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Recipe

Recipes from Matthew Kenney's Mediterranean Cooking

Fennel Salad with Clementines and Moroccan Olives

This dish is traditionally made with oranges, but I prefer the sweeter clementines we see in winter, imported from Spain and Morocco in those cute little wooden crates. Shiny, jet black oil-cured Moroccan olives offer a nice color contrast as well as a salty counterpoint to the clementines. This is a good finish to a heavy meal or it can be used as part of a mezze table.

5 teaspoons anise seeds
Juice of 4 clementines or 2 juice oranges
1 tablespoon minced onion or shallot
1/4 cup extra virgin olive oil
2 small bulbs fennel
10 clementines or 5 navel oranges, peeled with membranes or white pith removed, and sectioned
24 black Moroccan or other oil-cured olives, pitted
1 tablespoon chopped chives
1/2 cup (loosely packed) arugula leaves, washed and dried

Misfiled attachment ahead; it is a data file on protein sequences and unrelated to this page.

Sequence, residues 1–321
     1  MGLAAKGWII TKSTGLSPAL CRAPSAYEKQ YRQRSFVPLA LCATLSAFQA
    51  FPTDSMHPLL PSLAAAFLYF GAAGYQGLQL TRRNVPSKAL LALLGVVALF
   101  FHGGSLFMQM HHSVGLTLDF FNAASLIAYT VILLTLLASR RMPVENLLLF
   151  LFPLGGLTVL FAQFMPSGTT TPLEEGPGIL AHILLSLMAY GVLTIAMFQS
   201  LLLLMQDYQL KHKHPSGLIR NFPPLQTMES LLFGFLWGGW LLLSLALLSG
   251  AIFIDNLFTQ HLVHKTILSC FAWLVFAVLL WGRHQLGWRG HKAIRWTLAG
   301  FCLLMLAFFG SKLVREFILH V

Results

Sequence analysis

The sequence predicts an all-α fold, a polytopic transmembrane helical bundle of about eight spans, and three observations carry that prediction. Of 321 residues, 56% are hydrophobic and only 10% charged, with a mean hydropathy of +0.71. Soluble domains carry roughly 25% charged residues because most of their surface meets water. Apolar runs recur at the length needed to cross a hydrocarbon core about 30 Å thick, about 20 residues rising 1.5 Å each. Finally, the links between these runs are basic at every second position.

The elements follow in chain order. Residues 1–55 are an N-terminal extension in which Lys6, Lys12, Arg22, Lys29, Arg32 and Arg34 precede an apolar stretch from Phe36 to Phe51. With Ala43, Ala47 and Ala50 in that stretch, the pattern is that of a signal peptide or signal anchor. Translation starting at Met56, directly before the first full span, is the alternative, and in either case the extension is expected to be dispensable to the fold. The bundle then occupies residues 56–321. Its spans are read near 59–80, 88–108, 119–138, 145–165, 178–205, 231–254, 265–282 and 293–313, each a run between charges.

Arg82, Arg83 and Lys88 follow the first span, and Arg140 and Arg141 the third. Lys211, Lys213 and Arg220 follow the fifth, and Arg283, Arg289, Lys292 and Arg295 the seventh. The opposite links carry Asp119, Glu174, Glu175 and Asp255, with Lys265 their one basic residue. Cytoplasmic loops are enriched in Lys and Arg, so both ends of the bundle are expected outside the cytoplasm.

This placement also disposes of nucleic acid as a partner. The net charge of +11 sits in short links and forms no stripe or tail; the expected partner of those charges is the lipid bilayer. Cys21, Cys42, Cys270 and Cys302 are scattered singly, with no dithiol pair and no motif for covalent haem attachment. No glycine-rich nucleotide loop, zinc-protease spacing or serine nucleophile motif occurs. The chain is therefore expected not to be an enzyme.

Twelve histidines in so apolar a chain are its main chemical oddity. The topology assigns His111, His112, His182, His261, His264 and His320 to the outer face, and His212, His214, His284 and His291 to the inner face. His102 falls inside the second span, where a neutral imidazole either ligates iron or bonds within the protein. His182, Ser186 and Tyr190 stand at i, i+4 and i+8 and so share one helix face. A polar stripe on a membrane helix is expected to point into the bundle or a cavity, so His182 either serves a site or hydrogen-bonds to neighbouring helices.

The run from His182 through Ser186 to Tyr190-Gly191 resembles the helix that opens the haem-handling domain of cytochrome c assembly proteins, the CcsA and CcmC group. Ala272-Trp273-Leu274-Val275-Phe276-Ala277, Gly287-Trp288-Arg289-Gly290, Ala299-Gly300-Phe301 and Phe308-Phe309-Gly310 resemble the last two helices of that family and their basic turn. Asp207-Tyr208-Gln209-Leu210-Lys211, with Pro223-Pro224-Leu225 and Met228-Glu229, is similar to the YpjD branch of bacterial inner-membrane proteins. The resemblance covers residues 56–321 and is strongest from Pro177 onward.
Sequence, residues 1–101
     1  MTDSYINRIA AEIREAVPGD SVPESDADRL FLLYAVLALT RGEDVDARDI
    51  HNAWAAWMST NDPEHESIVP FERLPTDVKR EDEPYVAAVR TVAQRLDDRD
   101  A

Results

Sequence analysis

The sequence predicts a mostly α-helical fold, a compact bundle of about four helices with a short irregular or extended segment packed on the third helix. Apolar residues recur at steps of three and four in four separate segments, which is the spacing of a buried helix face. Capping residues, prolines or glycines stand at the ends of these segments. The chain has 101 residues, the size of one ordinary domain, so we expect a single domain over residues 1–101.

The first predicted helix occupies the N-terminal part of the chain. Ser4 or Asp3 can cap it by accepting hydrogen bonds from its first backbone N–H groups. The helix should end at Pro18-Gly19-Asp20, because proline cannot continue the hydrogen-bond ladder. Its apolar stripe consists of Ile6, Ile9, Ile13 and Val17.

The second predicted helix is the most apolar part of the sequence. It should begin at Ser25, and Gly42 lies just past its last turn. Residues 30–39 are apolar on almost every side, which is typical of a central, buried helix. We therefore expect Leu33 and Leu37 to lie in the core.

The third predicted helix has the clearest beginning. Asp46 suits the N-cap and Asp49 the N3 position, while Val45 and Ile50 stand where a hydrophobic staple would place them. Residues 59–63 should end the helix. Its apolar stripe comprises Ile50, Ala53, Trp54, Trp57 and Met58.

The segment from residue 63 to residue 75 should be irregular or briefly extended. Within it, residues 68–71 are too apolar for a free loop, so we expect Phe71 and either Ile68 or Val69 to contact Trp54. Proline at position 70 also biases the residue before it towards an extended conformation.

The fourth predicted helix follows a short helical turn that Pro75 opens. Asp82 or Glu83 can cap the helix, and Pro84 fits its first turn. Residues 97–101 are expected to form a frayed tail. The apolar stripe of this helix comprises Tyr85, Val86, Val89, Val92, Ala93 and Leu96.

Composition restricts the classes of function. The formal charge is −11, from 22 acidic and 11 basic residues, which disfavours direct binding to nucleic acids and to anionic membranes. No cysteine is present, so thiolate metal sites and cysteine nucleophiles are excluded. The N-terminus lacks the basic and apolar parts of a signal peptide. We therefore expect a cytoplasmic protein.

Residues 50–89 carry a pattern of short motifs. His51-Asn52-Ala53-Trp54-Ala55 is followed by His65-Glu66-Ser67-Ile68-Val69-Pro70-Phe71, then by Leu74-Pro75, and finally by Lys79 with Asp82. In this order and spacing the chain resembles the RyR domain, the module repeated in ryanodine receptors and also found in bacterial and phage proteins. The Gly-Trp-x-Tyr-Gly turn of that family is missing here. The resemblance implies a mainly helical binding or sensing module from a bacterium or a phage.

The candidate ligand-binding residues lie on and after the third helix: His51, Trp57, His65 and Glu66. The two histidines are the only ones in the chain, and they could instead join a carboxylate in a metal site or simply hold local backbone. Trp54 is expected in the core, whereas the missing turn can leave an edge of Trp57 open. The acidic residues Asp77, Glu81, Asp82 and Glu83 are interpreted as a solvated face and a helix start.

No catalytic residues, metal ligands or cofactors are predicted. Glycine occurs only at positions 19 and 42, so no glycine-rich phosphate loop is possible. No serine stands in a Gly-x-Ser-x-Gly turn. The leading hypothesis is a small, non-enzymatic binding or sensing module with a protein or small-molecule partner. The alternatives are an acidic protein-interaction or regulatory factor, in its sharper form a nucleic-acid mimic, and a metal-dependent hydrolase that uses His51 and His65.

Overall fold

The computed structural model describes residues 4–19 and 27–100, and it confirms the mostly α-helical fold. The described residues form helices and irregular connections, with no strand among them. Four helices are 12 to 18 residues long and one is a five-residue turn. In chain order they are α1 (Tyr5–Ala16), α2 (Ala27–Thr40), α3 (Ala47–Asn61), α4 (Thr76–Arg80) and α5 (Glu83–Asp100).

Salt and freshly ground black pepper

Put the anise seeds in a heavy skillet over medium heat. Toast for 4 minutes, stirring a few times. Grind 2 1/2 teaspoons of the seeds with a mortar and pestle. Set ground and whole toasted seeds aside separately.

Combine the clementine juice, onion, and ground anise seeds in a small bowl. Slowly whisk in the olive oil. Set aside.

Remove green tops from fennel and discard. Cut the bulbs lengthwise in half and cut out the firm center core. Cut lengthwise into strips, about 1/8 inch wide.

Place the fennel, clementines, olives, chives, and arugula in a large bowl and toss with the dressing. Season with salt and pepper to taste. Divide the salad among 4 plates. Sprinkle with the reserved whole anise seeds.

Toasted Barley Risotto with Wild Mushrooms

Serves 4 as a main course or 6 as an appetizer

Barley is perhaps the oldest cultivated grain in the Mediterranean, going back some seven thousand years in Egypt. It was the primary grain in Europe before it was supplanted by wheat. When cooked slowly in the style of a risotto, barley becomes rich and creamy while retaining its natural texture. Barley's earthy flavor goes well with fall and winter ingredients like the wild mushrooms in this dish, and also with chestnuts and winter squash.